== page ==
110-item wordlists for the Lezgian group (North Caucasian family).

Languages included: Nidzh Udi, Vartashen Udi, Archi, Kryts (proper), Alyk Kryts, Budukh, Mishlesh Tsakhur, Mikik Tsakhur, Gelmets Tsakhur, Mukhad Rutul, Ixrek Rutul, Luchek Rutul, Koshan Aghul, Keren Aghul, Gequn Aghul, Fite Aghul, Aghul (proper), Northern Tabasaran, Southern Tabasaran, Gyune Lezgi.

Reconstructed languages: Proto-Lezgian.



110-item wordlists for the Khinalug group (North Caucasian family).

Languages included: Khinalug



1. Udi (Nidzh; Vartashen).

Two dialects of the Udi language - Nidzh and Vartashen - are closely related, but it is reasonable to treat them apart when applying lexicostatistics. The main lexicographic sources are [Gukasyan 1974] (both dialect) and [Kibrik & Kodzasov 1990] (Nidzh nouns).

In the field Common Udi, the term "Proto-Udi" is sometimes used. This refers to the language that yielded the modern Nidzh and Vartashen dialects. Proto-Udi is opposed to "Proto-Caucasian Albanian-Udi" - an ancestor of the language of the Caucasian Albanian palimpsests, on the one hand, and of Proto-Udi, on the other.

The following transliterational chart covers our principal sources (for all the other alphabets ever used for Udi see [Maisak 2008c: 456 ff.])



[Gukasyan 1974], [Comrie & Khalilov 2010]

[Kibrik & Kodzasov 1990]

[NCED]

[Schulze-Fürhoff 1994]

[Schulze 2001], [Schulze 2005]

[Harris 2002]

[Mobili 2010]

MosLex


п

p

p

p

p

p

p

p

б

b

b

b

b

b

b

b

п1, пI

p:


ф

f

f

f

f

f

f

f

в

v

w

v, w

v

v, w

v

v


т

t

t

t

t

t

t

t

д

d

d

d

d

d

d

d

т1, тI

t:


ц

c

c

c

c

c

ś

c

дз

ʒ

ʒ

ʒ

ʒ

ʒ

z

ʒ

ц1, цI

c:


с

s

s

s

s

s

s

s

з

z

z

z

z

z

z

z


ц́

cː, č:I

?

cʼ, ćʼ

?


ч

č

č

č

č

č

ç

č

дж

ǯ

ǯ

ǯ

ǯ

ǰ

c

ǯ

ч1, чI

č̃

č:

čʼ

čʼ

čʼ

čː


ш

š

š

š

š

š

ş

š

ж

ž

ž

ž

ž

ž

j

ž


чъ

čI

čI

ć

č:

ç̌

čˤ

дж1, джI

ǯI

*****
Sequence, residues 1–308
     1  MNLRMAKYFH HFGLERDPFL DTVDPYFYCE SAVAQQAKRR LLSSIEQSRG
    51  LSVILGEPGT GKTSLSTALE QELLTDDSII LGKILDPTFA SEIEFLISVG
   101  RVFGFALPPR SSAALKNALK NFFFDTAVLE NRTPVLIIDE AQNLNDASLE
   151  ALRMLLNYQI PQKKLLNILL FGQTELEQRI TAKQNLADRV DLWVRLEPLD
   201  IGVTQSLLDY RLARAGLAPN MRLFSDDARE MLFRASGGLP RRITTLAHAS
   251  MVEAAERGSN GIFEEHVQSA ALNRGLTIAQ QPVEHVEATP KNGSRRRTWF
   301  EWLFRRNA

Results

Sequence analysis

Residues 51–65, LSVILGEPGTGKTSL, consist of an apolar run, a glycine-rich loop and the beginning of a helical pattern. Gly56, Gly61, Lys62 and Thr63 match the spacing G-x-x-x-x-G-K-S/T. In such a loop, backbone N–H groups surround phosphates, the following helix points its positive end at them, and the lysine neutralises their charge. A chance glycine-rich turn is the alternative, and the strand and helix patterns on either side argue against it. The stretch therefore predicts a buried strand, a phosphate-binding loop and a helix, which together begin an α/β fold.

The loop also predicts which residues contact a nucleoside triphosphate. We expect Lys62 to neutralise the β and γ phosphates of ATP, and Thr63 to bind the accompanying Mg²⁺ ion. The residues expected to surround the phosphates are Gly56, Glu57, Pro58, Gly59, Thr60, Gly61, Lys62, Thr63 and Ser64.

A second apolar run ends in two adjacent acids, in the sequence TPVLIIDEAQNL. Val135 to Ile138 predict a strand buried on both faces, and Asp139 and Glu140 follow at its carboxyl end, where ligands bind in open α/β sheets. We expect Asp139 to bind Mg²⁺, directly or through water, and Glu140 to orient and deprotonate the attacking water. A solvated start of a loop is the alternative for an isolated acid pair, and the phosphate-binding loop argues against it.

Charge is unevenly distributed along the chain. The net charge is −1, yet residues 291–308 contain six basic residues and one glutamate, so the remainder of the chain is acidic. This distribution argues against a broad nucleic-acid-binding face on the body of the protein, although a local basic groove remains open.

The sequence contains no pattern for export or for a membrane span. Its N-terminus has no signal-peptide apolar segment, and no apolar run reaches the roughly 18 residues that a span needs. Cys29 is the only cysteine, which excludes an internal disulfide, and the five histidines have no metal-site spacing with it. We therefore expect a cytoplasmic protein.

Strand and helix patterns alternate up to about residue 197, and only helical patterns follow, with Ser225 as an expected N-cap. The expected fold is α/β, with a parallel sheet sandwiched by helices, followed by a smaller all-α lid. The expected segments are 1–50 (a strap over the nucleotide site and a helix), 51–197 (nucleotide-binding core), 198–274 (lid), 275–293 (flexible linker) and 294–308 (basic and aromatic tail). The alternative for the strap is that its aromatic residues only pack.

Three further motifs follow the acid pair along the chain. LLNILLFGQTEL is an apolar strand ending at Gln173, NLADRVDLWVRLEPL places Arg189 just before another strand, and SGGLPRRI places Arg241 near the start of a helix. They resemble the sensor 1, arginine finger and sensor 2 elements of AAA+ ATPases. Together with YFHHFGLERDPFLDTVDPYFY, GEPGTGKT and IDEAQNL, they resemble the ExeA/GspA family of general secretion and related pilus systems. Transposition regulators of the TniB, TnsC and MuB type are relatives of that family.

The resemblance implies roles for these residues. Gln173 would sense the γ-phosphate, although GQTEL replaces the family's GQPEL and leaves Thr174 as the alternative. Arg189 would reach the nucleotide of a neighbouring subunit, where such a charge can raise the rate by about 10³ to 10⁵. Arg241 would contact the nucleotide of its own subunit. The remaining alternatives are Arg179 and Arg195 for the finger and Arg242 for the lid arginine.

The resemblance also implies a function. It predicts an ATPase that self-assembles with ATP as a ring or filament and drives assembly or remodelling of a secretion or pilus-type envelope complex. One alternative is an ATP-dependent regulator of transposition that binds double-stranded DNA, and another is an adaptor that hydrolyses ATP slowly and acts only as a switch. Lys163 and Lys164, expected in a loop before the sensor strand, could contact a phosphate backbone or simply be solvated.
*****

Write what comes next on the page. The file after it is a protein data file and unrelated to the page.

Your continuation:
ǯI

ʒ̃

ʒ́

ǰ:

č

ǯˤ

ч́

č̃I

č:I

c̃ʼ

ćʼ

čʼ:

čʼ

čːˤ


ш1, шI

šI

šI

ś

š:

š

šˤ

ж1, жI

žI

žI

ź

ž:

ǰ

žˤ


к

k

k

k

k

k

k

k

г

g

g

g

g

g

g

g

к1, кI

k:


ҝ

g, gy

g

g

g

g

g

g, gʸ


хъ

q

q

q

q

q

q

q

къ

q:


х

X

x

x

x

гъ

R

ʁ

ĝ

ğ

ɣ

ğ

ʁ


гь

h

h

h

h

h

h

h


м

m

m

m

m

m

m

m

н

n

n

n

n

n

n

n

р

r

r

r

r

r

r

r

л

l

l

l

l

l

l

l

й

j

j

y

y

y

y

y


и

i

i

i

i

i

i

i

е

e

e

e

e

e

e

e

а

a

a

a

a

a

a

a

аь

ä

ä

ä

ä

ä

ə

ä

ы

ɨ

ɨ

ь

ə

ə

ı

ɨ

о

o

o

o

o

o

o

o

оь

ö

ö

ö

ö

ö

ö

ö

у

u

u

u

u

u

u

u

уь

ü

ü

ü

ü

ü

ü

ü

VI, qI, šI

VI, qI, šI

Vˤ, qˤ, šˤ



Notes:

1. Our phonetic interpretation of the Nidzh dialect is based on [Kibrik & Kodzasov 1990: 347].

2. According to Kodzasov's report [Kibrik & Kodzasov 1990: 347], the three-way opposition of stops and affricates in Nidzh is as follows: tʰ ~ d ~ t͈, cʰ ~ ʒ ~ c͈ and so on. As noted by Kodzasov, the third series is pronounced with oral and glottal tenseness, but without gemination. We are not aware of any detailed phonetic description of the Modern Vartashen dialect, but according to Dm. Ganenkov (p.c.), the Vartashen three-way opposition of stops and affricates is very similar to the Nidzh one. This is supported by Gukasyan's description of Udi phonetics. In [Gukasyan 1974: 255] and other works of this author, the third series in Udi is called "preruptive", scil. fortis, without any difference between dialects. In order to avoid rare diacritics, we prefer to follow the [NCED] and UdiLang systems and transcribe the third marked series of obstruents with the sign ː. For the same reason, according to common practice, we omit the non-phonological aspiration ʰ for the first series. Thus, in our notation the three-way opposition of Nidzh & Vartashen stops and affricates looks as follows: t ~ d ~ tː, c ~ ʒ ~ cː and so on.

3. It must be noted that in a number of publications by Kartvelologists or Kartvelology-oriented authors (e.g., [Ǯeiranišvili 1971; Fähnrich 1999; Harris 2002]) the Udi system of stops and affricates is noted as t(ʰ) ~ d ~ tʼ, c(ʰ) ~ ʒ ~ cʼ and so on. Such a notation with the third series marked as ejective is a convenient adaptation of the Georgian alphabet, on one hand, and hints at the main etymological origin of the Udi tense obstruents, on the other.

4. The difference between Gukasyan's frequent {ц1} and very rare {ц́} is unclear. We treat both as {ц1} (according to Ganenkov's p.c., modern speakers do not perceive the difference between {ц1} and {ц́}).